Which technique you choose depends on how covert your git svn usage is. If you don’t want to commit
the .gitignore files into your
repository, thus making them show up for your SVN-using coworkers, then
use the exclude file. Otherwise, .gitignore is usually the way to go, because
it’s automatically shared by everyone else using Git on that
project.

Reconstructing the git-svn Cache

The git svn command
stores extra housekeeping information in the .git/svn directory. This information is used,
for example, to quickly detect whether a particular SVN revision has already been downloaded and
so doesn’t need to be downloaded again. It also contains all the same
git-svn-id information that shows up
in imported commit messages.

If that’s the case, then why do the git-svn-id lines exist at all? The reason is
that, because the lines are added to the commit object and the content
of a commit object determines its ID, it follows that the commit ID
changes after sending it through git svn
dcommit
, and changing the commit IDs can make future Git
merging painful unless you follow the careful steps listed earlier. But
if Git just omitted the git-svn-id
lines, then the commit IDs wouldn’t have to change and git svn would still work fine. Right?

Yes, except for one important detail. The .git/svn directory isn’t cloned with your Git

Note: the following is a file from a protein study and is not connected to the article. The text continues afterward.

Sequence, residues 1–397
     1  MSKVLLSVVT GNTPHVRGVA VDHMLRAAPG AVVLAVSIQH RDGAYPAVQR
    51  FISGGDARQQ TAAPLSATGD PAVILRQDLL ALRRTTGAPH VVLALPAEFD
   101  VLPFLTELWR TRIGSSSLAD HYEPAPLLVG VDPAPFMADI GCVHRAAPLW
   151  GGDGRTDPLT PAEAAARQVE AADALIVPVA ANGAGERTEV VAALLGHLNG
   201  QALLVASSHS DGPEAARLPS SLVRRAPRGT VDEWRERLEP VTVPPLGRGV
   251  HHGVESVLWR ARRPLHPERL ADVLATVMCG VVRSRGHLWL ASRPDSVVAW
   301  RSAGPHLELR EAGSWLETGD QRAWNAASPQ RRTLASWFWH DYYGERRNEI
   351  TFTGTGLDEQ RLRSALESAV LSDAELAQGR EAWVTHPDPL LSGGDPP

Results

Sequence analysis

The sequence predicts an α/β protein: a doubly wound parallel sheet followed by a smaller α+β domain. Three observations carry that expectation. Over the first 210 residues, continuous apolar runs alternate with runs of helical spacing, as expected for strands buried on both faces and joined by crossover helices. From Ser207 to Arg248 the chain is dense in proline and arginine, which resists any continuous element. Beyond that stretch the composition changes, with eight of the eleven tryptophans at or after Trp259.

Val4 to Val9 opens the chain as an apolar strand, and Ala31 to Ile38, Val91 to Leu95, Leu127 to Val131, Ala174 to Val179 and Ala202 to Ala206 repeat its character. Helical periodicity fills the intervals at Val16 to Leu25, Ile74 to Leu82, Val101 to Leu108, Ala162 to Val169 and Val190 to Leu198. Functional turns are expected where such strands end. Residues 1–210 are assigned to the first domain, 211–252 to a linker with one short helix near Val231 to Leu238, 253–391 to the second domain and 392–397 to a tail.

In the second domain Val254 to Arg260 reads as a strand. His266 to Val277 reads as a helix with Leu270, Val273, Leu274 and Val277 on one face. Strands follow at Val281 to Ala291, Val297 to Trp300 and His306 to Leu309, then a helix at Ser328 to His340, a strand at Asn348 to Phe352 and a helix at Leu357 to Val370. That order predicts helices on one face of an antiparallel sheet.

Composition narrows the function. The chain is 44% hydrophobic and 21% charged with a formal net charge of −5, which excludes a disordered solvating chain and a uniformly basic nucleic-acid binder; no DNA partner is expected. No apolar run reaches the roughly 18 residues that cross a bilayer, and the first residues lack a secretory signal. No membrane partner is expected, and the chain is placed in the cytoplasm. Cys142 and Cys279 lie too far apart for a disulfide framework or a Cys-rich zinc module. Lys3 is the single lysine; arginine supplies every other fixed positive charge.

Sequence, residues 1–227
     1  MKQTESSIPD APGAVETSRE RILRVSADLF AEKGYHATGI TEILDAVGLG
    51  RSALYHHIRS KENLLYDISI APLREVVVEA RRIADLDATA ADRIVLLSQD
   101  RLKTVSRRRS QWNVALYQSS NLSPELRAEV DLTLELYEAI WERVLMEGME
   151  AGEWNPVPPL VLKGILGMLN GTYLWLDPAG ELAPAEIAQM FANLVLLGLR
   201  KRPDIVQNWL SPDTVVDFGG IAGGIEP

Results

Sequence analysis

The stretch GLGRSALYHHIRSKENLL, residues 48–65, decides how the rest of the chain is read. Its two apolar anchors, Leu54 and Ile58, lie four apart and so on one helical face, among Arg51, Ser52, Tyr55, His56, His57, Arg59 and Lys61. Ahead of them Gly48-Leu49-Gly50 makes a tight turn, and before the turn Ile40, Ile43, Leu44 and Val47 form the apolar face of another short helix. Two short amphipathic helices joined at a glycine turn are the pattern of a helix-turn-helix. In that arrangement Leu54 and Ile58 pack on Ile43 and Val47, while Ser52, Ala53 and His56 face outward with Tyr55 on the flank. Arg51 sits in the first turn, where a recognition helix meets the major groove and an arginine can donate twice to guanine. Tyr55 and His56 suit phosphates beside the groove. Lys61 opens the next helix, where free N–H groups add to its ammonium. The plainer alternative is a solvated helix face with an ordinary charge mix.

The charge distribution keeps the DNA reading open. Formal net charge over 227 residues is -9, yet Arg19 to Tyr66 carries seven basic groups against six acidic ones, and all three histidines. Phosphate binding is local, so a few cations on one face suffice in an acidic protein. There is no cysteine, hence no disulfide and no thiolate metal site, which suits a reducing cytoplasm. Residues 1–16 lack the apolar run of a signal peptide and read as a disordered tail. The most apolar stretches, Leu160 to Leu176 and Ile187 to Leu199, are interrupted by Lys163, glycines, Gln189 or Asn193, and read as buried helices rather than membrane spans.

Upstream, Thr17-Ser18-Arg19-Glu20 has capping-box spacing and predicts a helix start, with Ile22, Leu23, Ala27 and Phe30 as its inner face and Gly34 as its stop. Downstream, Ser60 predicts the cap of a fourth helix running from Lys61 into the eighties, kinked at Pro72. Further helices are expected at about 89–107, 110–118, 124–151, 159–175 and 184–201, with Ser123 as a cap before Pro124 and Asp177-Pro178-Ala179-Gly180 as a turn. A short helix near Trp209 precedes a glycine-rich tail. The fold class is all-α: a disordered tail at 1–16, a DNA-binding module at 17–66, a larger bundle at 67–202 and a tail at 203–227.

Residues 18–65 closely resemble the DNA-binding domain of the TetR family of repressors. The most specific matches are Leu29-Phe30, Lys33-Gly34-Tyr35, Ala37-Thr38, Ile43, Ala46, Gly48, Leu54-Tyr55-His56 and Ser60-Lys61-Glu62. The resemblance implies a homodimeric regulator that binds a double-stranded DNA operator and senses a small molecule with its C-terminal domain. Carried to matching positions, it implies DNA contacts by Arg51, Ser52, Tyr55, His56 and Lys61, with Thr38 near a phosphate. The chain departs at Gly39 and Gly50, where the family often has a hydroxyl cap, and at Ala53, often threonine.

repository. An important part of Git’s security design is that only
blob, tree, and commit objects are ever shared. Hence, the git-svn-id lines need to be part of a commit
object, and anyone with a clone of your repository will get all the
information they need to reconstruct the .git/svn directory. This has two
advantages:

  1. If you accidentally lose your gatekeeper repository or break
    something, or if you disappear and there’s nobody to maintain your
    repository, then anyone with a clone of your repository can set up a
    new one.

  2. If git-svn has a bug and
    corrupts its .git/svn
    directory, you can regenerate it whenever you want.

You can try out regenerating the cache information whenever you
want by moving the .git/svn
directory out of the way. Try this:

    $ cd svn-all.git
    $ mv .git/svn /tmp/git-svn-backup
    $ git svn fetch -r33005:33142

Here, git svn regenerates its
cache and fetches the requested objects. (As before, you would normally
leave off the -r option to avoid downloading thousands
of commits, but this is just an example.)


[36] The git svn command is
sluggish because it isn’t highly optimized. SVN support in Git has
fewer users and developers than plain Git or plain SVN. Additionally,
git svn simply has more work to do.
Git downloads the repository’s history, not just the most recent
version, whereas the SVN protocol is optimized for downloading just
one version at a time.

[37] Why dcommit instead of commit?
The original git svn commit
command was destructive and poorly designed, and it should be
eschewed. However, rather than break backward compatibility, the
git svn developers decided to add
a new command, dcommit. The old
commit command is now better
known as set-tree, but don’t use
that command, either.

[38] Your local repository will definitely be missing revisions,
because only a subset of all revisions was cloned at the start.
You’ll probably see more new revisions than those shown here,
because SVN developers are still working on the 1.5.x branch.

[39] If you think this sounds convoluted, you’re right. Eventually,
git svn may offer a way to simply
create local branches instead of remote refs, so that git push –all will work as
expected.